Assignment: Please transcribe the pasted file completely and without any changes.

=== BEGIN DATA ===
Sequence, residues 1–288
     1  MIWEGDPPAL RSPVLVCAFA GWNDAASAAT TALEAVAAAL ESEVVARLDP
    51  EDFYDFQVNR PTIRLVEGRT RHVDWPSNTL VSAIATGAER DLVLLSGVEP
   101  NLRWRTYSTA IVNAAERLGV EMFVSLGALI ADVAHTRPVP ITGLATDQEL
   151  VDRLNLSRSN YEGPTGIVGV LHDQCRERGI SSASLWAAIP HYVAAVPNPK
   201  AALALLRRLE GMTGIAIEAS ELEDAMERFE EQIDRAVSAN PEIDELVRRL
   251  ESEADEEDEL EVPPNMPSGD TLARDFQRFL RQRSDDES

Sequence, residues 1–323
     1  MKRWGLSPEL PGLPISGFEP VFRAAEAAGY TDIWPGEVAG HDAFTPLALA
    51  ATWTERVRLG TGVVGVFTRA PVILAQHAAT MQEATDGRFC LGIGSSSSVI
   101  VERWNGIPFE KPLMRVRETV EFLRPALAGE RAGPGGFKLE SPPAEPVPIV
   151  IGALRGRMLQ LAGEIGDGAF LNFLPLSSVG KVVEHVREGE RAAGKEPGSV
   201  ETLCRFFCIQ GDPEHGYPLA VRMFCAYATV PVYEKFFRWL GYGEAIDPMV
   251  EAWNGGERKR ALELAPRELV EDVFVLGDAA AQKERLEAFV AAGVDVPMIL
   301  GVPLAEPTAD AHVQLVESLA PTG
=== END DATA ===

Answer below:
Sequence, residues 1–288
     1  MIWEGDPPAL RSPVLVCAFA GWNDAASAAT TALEAVAAAL ESEVVARLDP
    51  EDFYDFQVNR PTIRLVEGRT RHVDWPSNTL VSAIATGAER DLVLLSGVEP
   101  NLRWRTYSTA IVNAAERLGV EMFVSLGALI ADVAHTRPVP ITGLATDQEL
   151  VDRLNLSRSN YEGPTGIVGV LHDQCRERGI SSASLWAAIP HYVAAVPNPK
   201  AALALLRRLE GMTGIAIEAS ELEDAMERFE EQIDRAVSAN PEIDELVRRL
   251  ESEADEEDEL EVPPNMPSGD TLARDFQRFL RQRSDDES

Sequence, residues 1–323
     1  MKRWGLSPEL PGLPISGFEP VFRAAEAAGY TDIWPGEVAG HDAFTPLALA
    51  ATWTERVRLG TGVVGVFTRA PVILAQHAAT MQEATDGRFC LGIGSSSSVI
   101  VERWNGIPFE KPLMRVRETV EFLRPALAGE RAGPGGFKLE SPPAEPVPIV
   151  IGALRGRMLQ LAGEIGDGAF LNFLPLSSVG KVVEHVREGE RAAGKEPGSV
   201  ETLCRFFCIQ GDPEHGYPLA VRMFCAYATV PVYEKFFRWL GYGEAIDPMV
   251  EAWNGGERKR ALELAPRELV EDVFVLGDAA AQKERLEAFV AAGVDVPMIL
   301  GVPLAEPTAD AHVQLVESLA PTG